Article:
Homes Under the Hammer buyers makes £64k on derelict property

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Homes Under the Hammer presenter Martin Roberts showed viewers around an abandoned property in Faversham, Kent, in a recent episode of the show. On his first visit to the property, Martin remarked that it had “the curb appeal of the municipal recycling centre”, adding that it was in a very poor and unlivable state. While the relatively newly built semi-detached property had many off-putting features, buyers John and Stefan took on the difficult project and successfully turned it into a desirable family home.

The house in question was located in a residential development on the edge of the historic town.

While the property itself was not very old, the building was incredibly run down and had been visibly damaged by intruders.

For a guide price of £140,000, the Kent home boasted a boarded-up front door that had graffiti on it and several blocked-up windows at the front of the house.

Around the back and side of the house, a generous garden space was hidden amongst overgrown foliage and rubbish spread across the tall grass.

The back door was completely open, with only a pierced metal fitting to cover the windows looking into the garden.

Martin pointed out that the ceiling had been taken down and someone had taken the pipework – an expensive job for the new owners to fix.

He said: “Thieves taking wiring and copper causes damaged well out of proportion to their ill-gotten gains.”

While the space had good potential for buyers willing to “see through the mess”, the house, which had no electricity, needed a significant amount of work to restore it to its former glory.

The property was purchased by Brighton-based buyer, John, who made the highest bid of £156,000 at auction.

Alongside his nephew and co-owner of the home, Stefan, the pair planned to transform the derelict home into a larger, three-bed property.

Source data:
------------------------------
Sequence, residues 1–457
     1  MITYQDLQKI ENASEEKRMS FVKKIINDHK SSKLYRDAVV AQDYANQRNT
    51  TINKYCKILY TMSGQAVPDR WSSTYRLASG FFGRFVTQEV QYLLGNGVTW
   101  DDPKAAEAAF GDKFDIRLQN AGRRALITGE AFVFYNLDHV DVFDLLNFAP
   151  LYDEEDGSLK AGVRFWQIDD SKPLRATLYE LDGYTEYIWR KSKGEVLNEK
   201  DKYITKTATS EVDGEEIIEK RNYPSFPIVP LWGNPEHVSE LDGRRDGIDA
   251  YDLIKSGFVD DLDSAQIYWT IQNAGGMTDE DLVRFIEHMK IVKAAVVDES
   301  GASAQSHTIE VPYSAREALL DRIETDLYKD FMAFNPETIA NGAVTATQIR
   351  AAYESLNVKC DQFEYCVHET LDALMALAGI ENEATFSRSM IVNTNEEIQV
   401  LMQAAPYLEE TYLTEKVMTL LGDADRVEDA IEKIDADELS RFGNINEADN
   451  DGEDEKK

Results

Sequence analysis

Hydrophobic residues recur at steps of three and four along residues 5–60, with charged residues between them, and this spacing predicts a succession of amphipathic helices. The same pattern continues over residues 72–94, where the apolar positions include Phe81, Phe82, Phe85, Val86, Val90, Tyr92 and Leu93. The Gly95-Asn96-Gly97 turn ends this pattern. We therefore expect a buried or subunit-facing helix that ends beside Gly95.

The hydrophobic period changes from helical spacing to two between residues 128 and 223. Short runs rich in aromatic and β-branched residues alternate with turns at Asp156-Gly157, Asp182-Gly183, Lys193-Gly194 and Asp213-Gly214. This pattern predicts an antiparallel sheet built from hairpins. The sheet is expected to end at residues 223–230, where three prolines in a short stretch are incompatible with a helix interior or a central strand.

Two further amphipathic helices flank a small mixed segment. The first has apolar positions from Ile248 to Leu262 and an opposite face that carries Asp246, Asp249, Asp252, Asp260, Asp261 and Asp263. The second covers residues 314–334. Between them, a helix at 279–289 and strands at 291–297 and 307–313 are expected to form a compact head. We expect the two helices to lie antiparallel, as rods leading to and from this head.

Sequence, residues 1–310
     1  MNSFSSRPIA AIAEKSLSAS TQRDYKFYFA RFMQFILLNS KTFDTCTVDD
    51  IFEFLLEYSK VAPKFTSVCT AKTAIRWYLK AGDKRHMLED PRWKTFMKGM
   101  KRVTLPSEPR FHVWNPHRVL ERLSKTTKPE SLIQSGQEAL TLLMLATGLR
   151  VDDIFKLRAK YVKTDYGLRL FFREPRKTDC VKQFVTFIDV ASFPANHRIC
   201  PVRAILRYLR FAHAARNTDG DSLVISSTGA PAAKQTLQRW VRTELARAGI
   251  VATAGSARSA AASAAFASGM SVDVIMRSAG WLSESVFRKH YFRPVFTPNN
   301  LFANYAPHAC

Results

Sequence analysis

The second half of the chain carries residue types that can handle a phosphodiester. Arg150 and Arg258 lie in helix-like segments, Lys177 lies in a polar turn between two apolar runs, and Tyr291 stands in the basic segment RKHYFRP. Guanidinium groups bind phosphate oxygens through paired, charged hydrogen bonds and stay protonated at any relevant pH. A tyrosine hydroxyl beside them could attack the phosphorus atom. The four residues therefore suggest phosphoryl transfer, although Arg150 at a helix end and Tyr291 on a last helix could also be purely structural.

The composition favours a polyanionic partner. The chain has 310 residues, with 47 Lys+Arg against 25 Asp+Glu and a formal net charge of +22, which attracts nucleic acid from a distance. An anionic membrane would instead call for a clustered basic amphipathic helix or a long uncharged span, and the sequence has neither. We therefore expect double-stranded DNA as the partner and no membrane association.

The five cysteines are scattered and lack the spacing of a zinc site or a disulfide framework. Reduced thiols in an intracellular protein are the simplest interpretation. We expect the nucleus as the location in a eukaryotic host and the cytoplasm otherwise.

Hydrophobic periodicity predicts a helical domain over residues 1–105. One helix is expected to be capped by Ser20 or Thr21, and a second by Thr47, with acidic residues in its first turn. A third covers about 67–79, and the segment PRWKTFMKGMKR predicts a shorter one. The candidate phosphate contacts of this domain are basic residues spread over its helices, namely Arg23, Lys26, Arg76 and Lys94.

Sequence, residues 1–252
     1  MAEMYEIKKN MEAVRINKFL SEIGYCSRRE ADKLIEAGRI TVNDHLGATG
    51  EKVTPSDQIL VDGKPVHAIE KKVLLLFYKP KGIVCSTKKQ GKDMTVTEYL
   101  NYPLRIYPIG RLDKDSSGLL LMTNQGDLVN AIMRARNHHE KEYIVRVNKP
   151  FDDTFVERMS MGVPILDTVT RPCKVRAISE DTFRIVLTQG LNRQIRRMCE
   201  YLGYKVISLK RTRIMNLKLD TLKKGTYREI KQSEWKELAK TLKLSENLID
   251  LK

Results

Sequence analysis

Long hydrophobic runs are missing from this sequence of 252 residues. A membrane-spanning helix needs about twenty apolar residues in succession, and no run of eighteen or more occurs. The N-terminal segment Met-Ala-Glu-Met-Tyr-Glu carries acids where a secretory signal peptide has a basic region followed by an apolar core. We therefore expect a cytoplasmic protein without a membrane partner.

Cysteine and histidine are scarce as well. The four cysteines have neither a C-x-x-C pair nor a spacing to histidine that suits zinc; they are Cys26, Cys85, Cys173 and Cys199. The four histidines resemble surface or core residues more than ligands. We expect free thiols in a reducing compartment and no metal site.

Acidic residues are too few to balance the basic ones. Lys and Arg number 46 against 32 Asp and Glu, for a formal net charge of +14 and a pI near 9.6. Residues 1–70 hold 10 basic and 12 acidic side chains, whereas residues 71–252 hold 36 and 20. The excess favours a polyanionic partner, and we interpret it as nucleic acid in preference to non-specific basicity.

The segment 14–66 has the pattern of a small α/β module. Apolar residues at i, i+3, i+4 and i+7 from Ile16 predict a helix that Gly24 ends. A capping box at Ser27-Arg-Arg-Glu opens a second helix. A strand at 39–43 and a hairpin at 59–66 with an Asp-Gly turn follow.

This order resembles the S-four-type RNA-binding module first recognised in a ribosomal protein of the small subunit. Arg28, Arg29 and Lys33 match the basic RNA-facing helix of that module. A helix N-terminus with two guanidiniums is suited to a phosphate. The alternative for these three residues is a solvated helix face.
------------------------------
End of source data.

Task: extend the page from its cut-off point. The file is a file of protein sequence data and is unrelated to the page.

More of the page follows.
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With 25 years of experience in property development, John was “unfazed” by the level of work and large budget needed to restore each room to a liveable state.

The pair had a budget of between £20,000 and £40,000 to spend on the project and a four-month timeline to complete the vast re-work.

Eight months later, Homes Under the Hammer revisited the property which looked much more welcoming from the outside.

A modern front door and clean rendering had replaced the damaged exterior, which was previously damaged and open-invite for chance thieves to take advantage of the empty house.

Inside, “big changes” were made to every room, with neutral decor throughout the now very modern-looking home.

Downstairs, John and Stefan had reconfigured the layout by opening up the kitchen and front living area to create an open-plan family room.

Upstairs, the bathroom had been completely transformed into a sleek suite with grey-tiled walls and wooden flooring.

In the bedrooms, all the stud walls had been ripped out and replaced to create a third room to add more value to the compact semi-detached home.

Perhaps the most remarkable transformation of all was in the garden. The severely overgrown mess of foliage and trees had been replaced with a neatly landscaped space featuring a modern patio space and a raised lawn surrounded by a busy border of new plants.

In total, the high-quality renovation cost the DIY duo close to their maximum budget of £40,000.

In February 2018, two local estate agents visited the house in Faversham to re-value it.

The pair estimated that the modernised home would fetch between £250,000 to £260,000 on the market.

This would give buyers John and Stefan a very healthy return of £64,000 on their total investment of £196,000.

After taxes and fees, this would be a little less, though still a good profit for the amount of work done on the property.

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